3 Exercises For Massive Arms
There are plenty of exercises for building up your arms, but you want to build MASSIVE arms. The 3 exercises for massive arms that I’ve used for years without fail involve the barbell. Most guys like using dumbbell exercises, which is fine, but it is not as efficient as certain barbell exercises.
Barbell Exercises For Massive Arms, It’s That Simple
In biomechanics you have closed-chain and open-chain movements. Closed chain refers to the feet and hands being fixed in-place and moving in a linear motion (i.e. squats, deadlift, bench press, etc.) Open-chain involves exercises that are not always fixed (i.e unilateral exercises with cables, dumbbells, etc.) or are angular in motion (curls, leg extensions, etc.)
Open-chained exercises generally isolate muscle groups and limit the amount of total-weight that can be handled. Less volume / intensity in a workout = less adaptation. Heavier, closed-chain exercises with the barbell recruit multiple muscle groups ranging over various joints working together. More volume with higher intensity = greater adaptation.
Specifically Closed-chain Barbell Exercises For Massive Arms
Here are the three barbell exercises for massive arms you need to hammer regularly and heavy in the gym:
- Barbell Curls w/ full supination (Biceps)
- Powerlifting-Style Bench Press (Triceps)
- Conventional Deadlift w/o Straps (Forearms)
That may be a disappointment to you, but it’s the truth. I’ll break down why these are the best exercises for massive arms and also how to do them correctly.
#1 Barbell Curls W/ Full Supination
Walk in to any commercial gym and you’ll see guys huddled around the mirror / dumbbell rack doing endless curls. That’s fine, but they’d be better off curling with the barbell for the reasons discussed above. The reason why many guys don’t like barbell curls is because they feel that they can’t get the full supination.
The function of the biceps is to turn the radius around the ulna; to turn the hand. Place your left hand on your right bicep and flex. With the bicep flexed rotate the hand back and forth 180 degrees. When you turn the hand pointing away from your body you feel your bicep slacken and when you turn it back facing towards you you feel it re-engage. That is your bicep supinating your hand.
You want to implement this movement in arm curling exercises to fully develop the biceps. This can be accomplished with barbell curls by doing a simple trick. Grab the barbell with your palms at an angle so that the bar is in the groove between your thumb and index finger. With that angled position, grasp the bar with tight thumbs but loose fingers, this way when you curl, the bar can pivot in your palms, allowing you to fully supinate the arms.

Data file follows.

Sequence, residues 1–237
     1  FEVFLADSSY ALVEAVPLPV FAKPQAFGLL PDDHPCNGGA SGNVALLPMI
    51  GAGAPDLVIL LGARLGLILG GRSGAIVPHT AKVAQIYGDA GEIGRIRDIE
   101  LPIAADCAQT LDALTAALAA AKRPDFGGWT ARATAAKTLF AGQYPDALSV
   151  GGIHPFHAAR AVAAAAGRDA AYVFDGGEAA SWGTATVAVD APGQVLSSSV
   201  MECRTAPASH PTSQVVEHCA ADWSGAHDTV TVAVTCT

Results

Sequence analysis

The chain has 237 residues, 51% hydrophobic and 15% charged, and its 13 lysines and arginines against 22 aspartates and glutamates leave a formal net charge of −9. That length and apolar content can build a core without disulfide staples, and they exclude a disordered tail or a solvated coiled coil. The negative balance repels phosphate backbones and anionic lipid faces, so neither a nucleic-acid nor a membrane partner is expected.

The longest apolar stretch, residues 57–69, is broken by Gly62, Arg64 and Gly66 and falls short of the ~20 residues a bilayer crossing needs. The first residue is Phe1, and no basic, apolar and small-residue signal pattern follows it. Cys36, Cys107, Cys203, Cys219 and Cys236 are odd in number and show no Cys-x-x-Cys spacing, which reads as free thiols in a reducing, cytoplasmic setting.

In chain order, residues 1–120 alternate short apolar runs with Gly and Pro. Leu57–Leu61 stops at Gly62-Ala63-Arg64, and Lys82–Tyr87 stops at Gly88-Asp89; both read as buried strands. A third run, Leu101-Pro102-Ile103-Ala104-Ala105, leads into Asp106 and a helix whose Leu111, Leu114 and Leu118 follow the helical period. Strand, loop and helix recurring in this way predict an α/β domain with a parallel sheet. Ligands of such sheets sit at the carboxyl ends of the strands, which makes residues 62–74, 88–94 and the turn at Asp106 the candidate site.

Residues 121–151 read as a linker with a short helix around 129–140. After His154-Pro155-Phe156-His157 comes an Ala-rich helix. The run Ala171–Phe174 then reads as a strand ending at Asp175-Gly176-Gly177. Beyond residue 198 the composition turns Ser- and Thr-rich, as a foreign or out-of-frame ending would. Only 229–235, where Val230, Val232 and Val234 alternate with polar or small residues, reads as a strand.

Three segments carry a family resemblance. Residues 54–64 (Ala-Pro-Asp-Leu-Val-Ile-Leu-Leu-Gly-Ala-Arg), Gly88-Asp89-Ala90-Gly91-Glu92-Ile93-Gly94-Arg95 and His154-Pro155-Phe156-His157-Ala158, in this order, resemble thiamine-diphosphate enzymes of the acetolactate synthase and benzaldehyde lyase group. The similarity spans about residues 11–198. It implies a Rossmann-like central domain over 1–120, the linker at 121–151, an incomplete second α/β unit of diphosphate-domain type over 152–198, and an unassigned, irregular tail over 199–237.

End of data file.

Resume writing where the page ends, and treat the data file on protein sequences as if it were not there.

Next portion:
#2 Powerlifting-Style Bench Press
Many make the mistake of bench pressing with arms out 90 degrees from trunk and lowering the barbell straight down to their nipple line. This puts way too much torque on the shoulders and overloads smaller, weaker stabilizing muscles like the rotator cuff. It also places greater emphasis on the smaller, weaker clavicular head of the pectoralis major.
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You want to adopt a powerlifting-style bench press in order to A. take pressure off of the shoulders and lift injury-free, B. shift emphasis to the bigger, stronger sternal head of the pectoralis major, and C. have greater involvement of the triceps.
First, set up for the bench press by transversely flexing your shoulder blades (pinching them together like you’re trying to hold a pencil between your shoulder blades) and externally rotate them (roll them back). Arch your back by sliding your glutes up the bench, splay your feet out wide with your toes slightly in front of or beneath your knees.
With this neutral position (maintained throughout the set) grab the bar with a 1.5 – 2.0 x biacromial grip-width with the bar as close to the base of the palm as possible. Lower the bar to the base of your sternum near the xipohoid process (or to the xipohid process, depending on your elbow angle from trunk) and have your elbows between 40 – 70 degrees from trunk.
With this setup you will be activating leg drive, thus turning the bench press into a major compound, full-body exercises that can handle extreme weights for extreme adaptations.
#3 Conventional Deadlifts W/O Straps
This one probably seems odd for forearms. But it’s true: the deadlift is one of the best exercises for massive arms, forearms, back–anything. It’s the heaviest closed-chain exercises that moves the biggest weight, thus it will give you the greatest growth, especially in the forearms. Here’s why…
Your forearm has about 20 different muscles making up the various layers of your anterior and posterior compartments. Isolating the muscle groups with their various functions can be tedious and won’t yield much (remember the open-chain discussion earlier). Progressively heavier deadlifts force the lifter to develop a strong grip. All muscles of the forearm are engaged to hold and stabilize the weight.
Even though it is isometric for the forearms, the load that the forearms have to grasp for an entire set increases, causing an overload effect. That is why you DO NOT want to use straps when dedlifting. It takes grip / forearms out of the equation and you won’t be developing your forearm’s muscles.
Watch the informative video I put together for actual video on how to correctly do these exercises for massive arms. Train hard and train heavy with the barbell and you can’t go wrong.
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